Pay attention to the right bestselling book categories on Amazon

Posted December 27th @ 8:10 am by Roger C. ParkerPrint

Monday’s planning tip for authors

There’s brand-building magic to the words “bestselling author,” or “Amazon.com bestselling book,” but exactly what defines an Amazon bestseller? How many copies of your book would have to be sold to qualify your book as an Amazon bestseller?

Look beyond the obvious

The starting point is to look beyond a book’s overall sales rank on Amazon. The overall sales rank are based on 24-hour sales, computed daily, and–in some cases–hourly. The overall sales rank lumps fiction and nonfiction books. This puts brand-building nonfiction books at a disadvantage, as your book would be competing against good review of a pop-culture fiction book in a mass circulation magazine like Cosmopolitan, or a controversial or timely author interview on Oprah!

Even focusing on just nonfiction book sales is unlikely to significantly improve your book’s relative ranking. This is because “nonfiction” covers a multitude of topics, including historical nonfiction narratives, current events and political books, as well books on health and self-help topics by television personalities.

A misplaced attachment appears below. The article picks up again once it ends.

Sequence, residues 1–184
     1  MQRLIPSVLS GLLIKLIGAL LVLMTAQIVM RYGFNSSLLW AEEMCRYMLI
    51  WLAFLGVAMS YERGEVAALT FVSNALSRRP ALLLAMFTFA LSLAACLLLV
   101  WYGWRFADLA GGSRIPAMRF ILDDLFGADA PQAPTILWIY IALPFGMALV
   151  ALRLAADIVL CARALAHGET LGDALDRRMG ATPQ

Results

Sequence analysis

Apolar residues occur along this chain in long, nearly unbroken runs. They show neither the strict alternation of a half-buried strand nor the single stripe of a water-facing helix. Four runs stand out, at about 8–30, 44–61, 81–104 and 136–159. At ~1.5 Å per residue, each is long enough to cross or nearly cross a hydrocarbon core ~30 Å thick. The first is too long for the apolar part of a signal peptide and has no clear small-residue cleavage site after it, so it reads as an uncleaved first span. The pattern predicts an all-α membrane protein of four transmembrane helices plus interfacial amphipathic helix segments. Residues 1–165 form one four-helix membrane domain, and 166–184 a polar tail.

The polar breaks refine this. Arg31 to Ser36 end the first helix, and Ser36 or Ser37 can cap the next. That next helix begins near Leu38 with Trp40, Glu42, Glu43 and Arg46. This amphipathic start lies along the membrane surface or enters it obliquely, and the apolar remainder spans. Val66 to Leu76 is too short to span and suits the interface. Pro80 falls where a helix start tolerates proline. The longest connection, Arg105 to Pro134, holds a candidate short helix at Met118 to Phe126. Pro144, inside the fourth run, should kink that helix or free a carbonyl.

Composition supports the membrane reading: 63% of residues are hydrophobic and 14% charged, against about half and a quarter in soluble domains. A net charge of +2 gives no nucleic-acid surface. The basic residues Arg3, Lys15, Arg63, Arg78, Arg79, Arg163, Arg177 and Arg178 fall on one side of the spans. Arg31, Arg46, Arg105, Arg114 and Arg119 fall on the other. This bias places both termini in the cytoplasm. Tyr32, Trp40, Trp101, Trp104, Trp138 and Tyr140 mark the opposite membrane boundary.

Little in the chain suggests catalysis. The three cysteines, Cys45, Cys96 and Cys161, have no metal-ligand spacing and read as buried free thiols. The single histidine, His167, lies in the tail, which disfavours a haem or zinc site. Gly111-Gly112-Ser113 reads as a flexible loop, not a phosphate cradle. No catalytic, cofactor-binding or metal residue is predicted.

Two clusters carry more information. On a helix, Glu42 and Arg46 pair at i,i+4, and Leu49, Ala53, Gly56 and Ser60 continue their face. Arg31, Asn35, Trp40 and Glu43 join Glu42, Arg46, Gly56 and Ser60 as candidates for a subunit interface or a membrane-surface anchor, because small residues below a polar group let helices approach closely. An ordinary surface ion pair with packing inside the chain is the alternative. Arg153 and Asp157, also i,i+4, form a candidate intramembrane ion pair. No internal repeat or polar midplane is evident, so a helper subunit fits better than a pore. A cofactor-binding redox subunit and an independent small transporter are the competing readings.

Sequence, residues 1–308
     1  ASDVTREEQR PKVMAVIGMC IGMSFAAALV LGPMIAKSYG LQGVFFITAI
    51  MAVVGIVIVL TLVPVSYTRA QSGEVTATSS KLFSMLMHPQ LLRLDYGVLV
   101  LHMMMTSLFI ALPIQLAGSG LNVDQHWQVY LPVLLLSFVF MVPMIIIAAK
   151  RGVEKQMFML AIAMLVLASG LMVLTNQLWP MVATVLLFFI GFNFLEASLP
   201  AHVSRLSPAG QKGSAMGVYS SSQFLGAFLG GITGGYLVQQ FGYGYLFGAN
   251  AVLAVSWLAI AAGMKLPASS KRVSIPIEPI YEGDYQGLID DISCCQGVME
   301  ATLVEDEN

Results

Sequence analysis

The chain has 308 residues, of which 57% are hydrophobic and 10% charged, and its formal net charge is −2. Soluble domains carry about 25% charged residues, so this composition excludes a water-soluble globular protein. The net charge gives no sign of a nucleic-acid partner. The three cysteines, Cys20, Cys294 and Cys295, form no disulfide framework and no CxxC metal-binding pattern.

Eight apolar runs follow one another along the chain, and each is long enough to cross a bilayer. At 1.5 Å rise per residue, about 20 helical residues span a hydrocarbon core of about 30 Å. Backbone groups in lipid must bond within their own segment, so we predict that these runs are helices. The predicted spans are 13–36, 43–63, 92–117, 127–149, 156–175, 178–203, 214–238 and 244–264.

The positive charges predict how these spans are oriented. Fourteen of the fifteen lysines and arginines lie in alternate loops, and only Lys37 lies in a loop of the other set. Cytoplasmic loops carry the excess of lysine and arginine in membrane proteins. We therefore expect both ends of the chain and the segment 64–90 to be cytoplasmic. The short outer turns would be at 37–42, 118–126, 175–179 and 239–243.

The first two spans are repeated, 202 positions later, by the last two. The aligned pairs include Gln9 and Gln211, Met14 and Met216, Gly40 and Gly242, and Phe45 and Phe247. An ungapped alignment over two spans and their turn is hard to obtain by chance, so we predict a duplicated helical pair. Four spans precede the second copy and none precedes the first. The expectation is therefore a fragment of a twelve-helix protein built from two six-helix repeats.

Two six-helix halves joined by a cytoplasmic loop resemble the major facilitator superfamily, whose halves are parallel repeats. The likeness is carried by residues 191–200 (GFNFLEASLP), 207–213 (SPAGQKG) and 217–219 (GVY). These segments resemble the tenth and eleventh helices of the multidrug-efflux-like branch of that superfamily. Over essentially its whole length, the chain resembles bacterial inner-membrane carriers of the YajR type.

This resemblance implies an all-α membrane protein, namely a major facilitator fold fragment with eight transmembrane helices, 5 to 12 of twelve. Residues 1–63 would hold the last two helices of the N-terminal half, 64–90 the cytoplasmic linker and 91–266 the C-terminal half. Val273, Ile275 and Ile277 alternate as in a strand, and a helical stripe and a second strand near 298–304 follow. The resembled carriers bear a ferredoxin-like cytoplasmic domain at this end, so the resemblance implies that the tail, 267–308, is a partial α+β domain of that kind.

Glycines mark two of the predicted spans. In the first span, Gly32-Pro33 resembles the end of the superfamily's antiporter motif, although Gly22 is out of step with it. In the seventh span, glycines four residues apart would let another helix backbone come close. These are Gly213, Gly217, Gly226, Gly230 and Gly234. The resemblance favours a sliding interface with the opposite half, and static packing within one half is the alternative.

Exploring topics, subtopic, and sub-sub topics

A more practical alternative, when writing and publishing a book to drive your business and build your personal brand, is to identify the specific topics where your book could become a bestselling book.

As you can see by clicking the illustration to the left, it’s possible to drill down from broad-based topics like Business & Investing through  Small Business & Entrepreneurship, to specific subtopics and strategies where your book could become an Amazon’s Top 100 sellers in that category.

As you’ll see when you explore the subtopics and sub-subtopics, the competition differs from one sub-subtopic to another. In some categories, there may not even be 100 titles listed, greatly enhancing your book’s ability to attain Top 100 placement in the category!

So, avoid being mislead by a book’s overall sales rank on Amazon. Instead, pay attention to existing competition in the specific categories and sub-subtopics where your book is likely to be located. These are your true competition, and the lower the number of competing books, the higher the chances your book will become a Top 100 bestselling book on Amazon.com.

You may know that a Top 100 Amazon bestseller refers to your book in a specific category, but prospect book buyers visiting your book’s sales page on Amazon are unlikely to be as savvy, meaning they’ll be very impressed by your book’s sales rank.

To learn more about Amazon’s book categories

To learn more about exploring Amazon.com’s topics, subtopics, and sub-sub topics, watch the recording of my recent webinar with Jay Boyer discussing book marketing & self-publishing on Amazon.com.

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